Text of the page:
For the Buddhist, "salvation" means extinction, release from the wearisome cycle of birth and rebirth. This "nirvana" is attained through following the eightfold path: right views, goals, speech, conduct, lifestyle, efforts, awareness, and concentration.

There are three main schools: Theravada ("the Doctrine of the Elders," adhered to by 38 percent of all Buddhists), the form closest to that taught by Gautama Buddha; Mahayana ("the Great Vehicle," 56 percent), which has allowed the most innovations and adaptations in Buddhist doctrines; and Tantrism or Vajranaya ("the Diamond Vehicle"), also known as Tibetan Buddhism, which adds elements of Hinduism and the occult (6 percent).

The adaptability of Buddhism is one of its greatest strengths. "Buddhism is a very flexible philosophy," Stephens says. "Because of its doctrine of assimilation, it easily [changes] itself, much like a chameleon, to other religious forms. You can be a 'Christian' practicing Buddhist because [adherents say] 'Buddhism is just a philosophy.' " With a common interest in techniques such as meditation, psychology is another arena in which Buddhism has made itself at home.

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"Some of the ideas that Buddhism espouses have already had something of an impact on our culture in more of an indirect way," Muck says. "I think it's largely in the area of 'finding oneself ' on a spiritual path through meditative techniques, slowly becoming more and more purified. That dovetails very well with the American preoccupation with self-help psychology. To some extent, Buddhism has tapped into that cultural predisposition and injected religious meaning into it for some people."

Another plus in the American mind is that Buddhism can give one a feeling of spirituality without demanding a lot in return. Citing the "clear rules and guidance" of his former belief system (the Nichiren Shoshu sect), Stephens says, "The whole system is very well oiled, and so people see that and say, 'Oh, here's something that I can do. It doesn't have too many moral, ethical codes that I have to follow and sets of rules. So I can do something that doesn't cramp my style.' "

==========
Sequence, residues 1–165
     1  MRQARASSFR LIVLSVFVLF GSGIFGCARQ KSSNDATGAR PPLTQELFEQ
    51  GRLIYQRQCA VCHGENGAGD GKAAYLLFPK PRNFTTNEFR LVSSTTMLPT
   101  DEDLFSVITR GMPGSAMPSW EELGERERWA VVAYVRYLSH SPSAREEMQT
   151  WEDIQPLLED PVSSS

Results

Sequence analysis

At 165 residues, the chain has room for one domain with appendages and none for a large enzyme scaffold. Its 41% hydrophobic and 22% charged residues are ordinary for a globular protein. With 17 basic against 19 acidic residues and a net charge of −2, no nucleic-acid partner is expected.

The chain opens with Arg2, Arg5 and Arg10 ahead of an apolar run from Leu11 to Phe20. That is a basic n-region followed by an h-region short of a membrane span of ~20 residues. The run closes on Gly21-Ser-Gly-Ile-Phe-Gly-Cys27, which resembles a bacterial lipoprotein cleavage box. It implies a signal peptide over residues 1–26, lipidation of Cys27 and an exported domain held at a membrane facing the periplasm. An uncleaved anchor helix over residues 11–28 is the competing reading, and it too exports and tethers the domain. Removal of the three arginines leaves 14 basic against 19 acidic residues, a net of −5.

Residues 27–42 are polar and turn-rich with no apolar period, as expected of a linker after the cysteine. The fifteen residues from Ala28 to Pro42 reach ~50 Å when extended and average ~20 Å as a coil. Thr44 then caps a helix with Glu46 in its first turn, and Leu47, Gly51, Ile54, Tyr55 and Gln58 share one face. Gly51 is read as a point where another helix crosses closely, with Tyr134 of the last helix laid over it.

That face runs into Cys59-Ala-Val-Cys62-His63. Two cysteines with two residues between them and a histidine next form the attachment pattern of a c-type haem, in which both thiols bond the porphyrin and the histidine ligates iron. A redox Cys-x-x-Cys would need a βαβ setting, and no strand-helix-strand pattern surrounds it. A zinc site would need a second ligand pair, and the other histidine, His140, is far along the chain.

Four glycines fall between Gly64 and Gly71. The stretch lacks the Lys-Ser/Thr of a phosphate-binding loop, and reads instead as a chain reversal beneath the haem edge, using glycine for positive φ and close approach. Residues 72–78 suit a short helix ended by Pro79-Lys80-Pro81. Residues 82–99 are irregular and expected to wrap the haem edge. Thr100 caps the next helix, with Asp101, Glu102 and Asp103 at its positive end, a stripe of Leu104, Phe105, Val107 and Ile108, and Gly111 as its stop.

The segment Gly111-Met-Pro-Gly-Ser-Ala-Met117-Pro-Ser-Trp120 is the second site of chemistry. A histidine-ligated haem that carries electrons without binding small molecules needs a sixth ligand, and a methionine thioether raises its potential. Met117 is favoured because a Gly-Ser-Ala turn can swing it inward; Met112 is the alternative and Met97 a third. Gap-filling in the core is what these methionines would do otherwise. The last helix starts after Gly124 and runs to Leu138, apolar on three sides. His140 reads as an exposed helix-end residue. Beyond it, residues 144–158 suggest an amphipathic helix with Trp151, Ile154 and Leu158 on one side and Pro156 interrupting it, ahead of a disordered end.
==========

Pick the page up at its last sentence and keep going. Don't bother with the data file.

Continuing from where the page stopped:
Adding to Buddhism's current appeal is the visibility of the Dalai Lama, the telegenic "god-king" of Tibetan Buddhism. Pointing to the continuing worldwide concern about the persecution of the Tibetan people by China, Stephens notes, the Dalai Lama has been aided by public relations know-how. "He talks about following 'a religion of kindness.' He doesn't say, 'I follow the religion of Tibetan Buddhism.' Well, who doesn't want to practice kindness?"


Stephen Hishey is a citizen of India who used to be a Tibetan Buddhist. Today, with the help of FEBA Radio in the Seychelles northeast of Madagascar, he produces Gaweylon (Good News), a daily, half-hour Christian radio program geared to the millions of Tibetan Buddhists in Tibet, Nepal, Bhutan, and India. Hishey says there are around 75,000 listeners to Gaweylon, and many are open to the gospel. He tells of a letter from a single monastery in India. It has 200 signatures beneath the words, "We are behind you. We are listening."

But he makes clear that winning Tibetan Buddhists to Christ involves prayer first and foremost. "There's a tremendous amount of spiritual warfare that is involved in Tibetan religion," Hishey says. "This is basically shamanism and occultism. To go with a so-called plan or strategy is not enough."

Stephens, who says he lost all his Buddhist friends when he converted, believes Christians must engage Buddhists in true friendship evangelism. "We must see our fellow travelers on planet Earth as our Lord Jesus Christ sees them … made in the image of God."